As lengthy as this post is, it is composed of only brief mentions of those decedents who left behind a lifetime of accomplishments we should acknowledge with their passing, before moving on to 2017. No matter how long you may live, life is always too short. Make the most of it and consider your legacy – what you will leave behind for others to remember you by.


R.I.P.  Zsa Zsa Gabor, Noel Neill, Gary Reed




Saturday, December 10, 2016

Bad Little Bloggers

Book Riot “editor” Kelly Jensen attacked pseudonymous author Arthur C. Gackley and his publisher Abrams Books, writing: “Abrams, along with Gackley, and the editorial team behind this – who are all listed right in the copyright page of the book – should be ashamed to publish and promote this kind of racist dreck. We don’t live in a world where humour like this is acceptable.”


I don’t know what Book Riot is (apparently it’s a blog), nor do I know who Kelly Jensen is but based on her statement she has no business writing about books, let alone advocating censorship of them. Fortunately, she is misinformed in her politically correct view and we do indeed live in a world where humor of any kind is acceptable. Humor, especially satire, is often employed to focus attention on matters of social or political concern. It’s not supposed to be politically correct, and if it is, it’s probably not doing a good job of contributing to the social debate.

I echo the National Coalition Against Censorship’s statement: “We support Abrams’ decision to publish this, or any other book, even if it offends some readers. We urge the company not to accede to pressure to withdraw the book, but to stand for the proposition that it is the right of authors to write as they choose and of individuals to decide for themselves what to read.” Political correctness and censorship are anathema to all writers and readers. A writer whose work contains nothing offensive to some potential reader is not worth reading; and a reader who is “triggered” by leaving her comfort zone should retreat back to her “safe space” like an ostrich sticking its head in the sand ignoring the world.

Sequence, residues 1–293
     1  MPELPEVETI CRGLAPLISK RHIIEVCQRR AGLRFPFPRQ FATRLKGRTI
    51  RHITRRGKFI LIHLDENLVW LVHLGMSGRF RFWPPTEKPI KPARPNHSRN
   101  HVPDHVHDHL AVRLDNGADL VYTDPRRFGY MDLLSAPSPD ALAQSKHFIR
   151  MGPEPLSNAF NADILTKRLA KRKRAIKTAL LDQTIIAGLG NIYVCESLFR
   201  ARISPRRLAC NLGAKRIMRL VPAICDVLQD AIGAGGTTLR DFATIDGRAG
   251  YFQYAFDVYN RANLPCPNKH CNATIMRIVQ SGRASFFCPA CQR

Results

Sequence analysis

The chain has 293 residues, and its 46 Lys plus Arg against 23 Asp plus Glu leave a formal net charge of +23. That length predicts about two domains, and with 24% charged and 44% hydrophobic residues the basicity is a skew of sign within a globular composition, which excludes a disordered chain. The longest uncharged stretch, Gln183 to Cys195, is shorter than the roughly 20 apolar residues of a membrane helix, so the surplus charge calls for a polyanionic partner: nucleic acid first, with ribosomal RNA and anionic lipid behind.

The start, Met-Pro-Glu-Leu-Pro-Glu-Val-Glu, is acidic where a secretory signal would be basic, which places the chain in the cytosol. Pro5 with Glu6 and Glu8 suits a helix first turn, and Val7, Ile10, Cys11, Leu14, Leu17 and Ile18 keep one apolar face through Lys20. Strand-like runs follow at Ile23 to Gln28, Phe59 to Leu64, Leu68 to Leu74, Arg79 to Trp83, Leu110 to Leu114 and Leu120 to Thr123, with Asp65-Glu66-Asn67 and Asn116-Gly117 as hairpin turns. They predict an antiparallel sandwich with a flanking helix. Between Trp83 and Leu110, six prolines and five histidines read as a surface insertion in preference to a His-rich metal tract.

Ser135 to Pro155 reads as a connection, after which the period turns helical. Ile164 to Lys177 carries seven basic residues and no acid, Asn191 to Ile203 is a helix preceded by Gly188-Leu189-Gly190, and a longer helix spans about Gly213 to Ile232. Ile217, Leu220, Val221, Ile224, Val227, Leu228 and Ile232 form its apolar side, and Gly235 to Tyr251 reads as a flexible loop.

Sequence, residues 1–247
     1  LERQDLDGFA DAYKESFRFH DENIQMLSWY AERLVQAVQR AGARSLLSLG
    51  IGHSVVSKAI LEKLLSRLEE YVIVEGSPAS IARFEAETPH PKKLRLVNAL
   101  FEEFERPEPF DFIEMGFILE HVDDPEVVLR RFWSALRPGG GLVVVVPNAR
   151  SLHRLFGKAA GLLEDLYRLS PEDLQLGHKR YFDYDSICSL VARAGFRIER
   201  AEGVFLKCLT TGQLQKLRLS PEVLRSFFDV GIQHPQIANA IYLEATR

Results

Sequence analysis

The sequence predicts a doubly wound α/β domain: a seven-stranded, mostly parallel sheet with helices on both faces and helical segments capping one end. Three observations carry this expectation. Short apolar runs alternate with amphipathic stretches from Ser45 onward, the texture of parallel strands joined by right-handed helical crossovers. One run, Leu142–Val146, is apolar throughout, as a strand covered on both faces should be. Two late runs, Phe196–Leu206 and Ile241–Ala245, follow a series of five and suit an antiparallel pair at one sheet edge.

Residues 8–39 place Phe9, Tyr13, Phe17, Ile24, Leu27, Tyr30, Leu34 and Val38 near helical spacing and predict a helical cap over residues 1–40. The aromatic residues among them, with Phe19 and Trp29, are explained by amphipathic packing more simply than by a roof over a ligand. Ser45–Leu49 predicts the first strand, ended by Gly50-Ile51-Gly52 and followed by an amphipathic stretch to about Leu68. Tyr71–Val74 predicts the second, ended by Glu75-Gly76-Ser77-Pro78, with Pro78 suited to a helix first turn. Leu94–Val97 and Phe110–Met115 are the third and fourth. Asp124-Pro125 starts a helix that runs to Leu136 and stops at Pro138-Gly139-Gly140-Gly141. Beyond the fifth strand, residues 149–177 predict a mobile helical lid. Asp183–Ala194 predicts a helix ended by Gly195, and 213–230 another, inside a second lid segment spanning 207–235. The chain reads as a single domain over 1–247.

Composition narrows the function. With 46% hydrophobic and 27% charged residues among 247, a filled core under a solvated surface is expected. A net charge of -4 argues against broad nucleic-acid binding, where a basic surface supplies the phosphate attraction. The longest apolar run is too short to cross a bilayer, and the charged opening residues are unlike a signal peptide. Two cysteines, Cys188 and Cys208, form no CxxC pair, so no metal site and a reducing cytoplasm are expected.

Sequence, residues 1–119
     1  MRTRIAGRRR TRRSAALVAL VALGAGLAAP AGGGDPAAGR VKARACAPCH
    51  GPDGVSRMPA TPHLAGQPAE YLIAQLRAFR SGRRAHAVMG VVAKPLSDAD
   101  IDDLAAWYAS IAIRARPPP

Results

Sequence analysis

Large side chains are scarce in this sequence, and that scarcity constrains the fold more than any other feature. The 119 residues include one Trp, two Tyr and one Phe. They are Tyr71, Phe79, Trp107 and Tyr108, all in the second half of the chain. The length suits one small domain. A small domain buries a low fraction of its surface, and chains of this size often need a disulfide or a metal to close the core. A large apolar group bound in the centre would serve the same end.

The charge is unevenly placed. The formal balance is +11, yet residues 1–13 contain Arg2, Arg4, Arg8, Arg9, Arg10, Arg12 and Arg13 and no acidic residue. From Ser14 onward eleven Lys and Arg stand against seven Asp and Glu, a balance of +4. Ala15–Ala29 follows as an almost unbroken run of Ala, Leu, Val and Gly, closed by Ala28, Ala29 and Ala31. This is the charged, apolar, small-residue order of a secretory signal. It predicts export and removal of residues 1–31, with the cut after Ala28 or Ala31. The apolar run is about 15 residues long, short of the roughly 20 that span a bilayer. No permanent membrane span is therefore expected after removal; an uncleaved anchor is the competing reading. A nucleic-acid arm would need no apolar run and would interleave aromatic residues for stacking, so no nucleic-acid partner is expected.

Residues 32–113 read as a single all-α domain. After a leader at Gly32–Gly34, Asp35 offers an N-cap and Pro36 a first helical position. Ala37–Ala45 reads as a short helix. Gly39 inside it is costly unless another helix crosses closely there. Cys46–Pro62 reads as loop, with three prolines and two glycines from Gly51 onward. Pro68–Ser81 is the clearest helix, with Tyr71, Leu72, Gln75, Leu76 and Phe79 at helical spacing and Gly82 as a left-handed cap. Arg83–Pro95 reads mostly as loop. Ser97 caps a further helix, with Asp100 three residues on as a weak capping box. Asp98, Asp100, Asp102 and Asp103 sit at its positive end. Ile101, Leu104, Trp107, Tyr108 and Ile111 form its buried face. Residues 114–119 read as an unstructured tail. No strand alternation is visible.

I have not read Gackley’s book, Bad Little Children’s Books. I don’t know if it’s funny or utter crap. The marketplace will decide whether the book is actually humorous or so offensive that no one will wish to purchase it. That decision must be made by the readers in a free society, not by self-appointed guardians like Kelly Jensen, who must change her title from “editor” to the more accurate “aspiring censor.”

While the publisher appeared willing to fight this tyrannical attempt at censorship, according to the NCAC: “The author, however, decided it wasn’t worth it after receiving thousands of angry messages, and has asked the publisher not to reprint the book, which is nearly sold out.”  NCAS said the book garnered positive reviews when published in September, “however, in early December a blogger attacked the book as racist in a post that sharply criticized the author and Abrams. This provoked widespread criticism of the book and its publisher on Twitter and other online platforms, with critics calling for the book's removal and a boycott of the publisher.”

Free expression means standing up for all speech including that whose content we might not agree with or approve of. Artists and writers require an environment free of censorship. In a world in which Mein Kampf is found on library shelves and Robert Mapplethorpe’s photographs are displayed in museums there is surely room for Bad Little Children’s Books.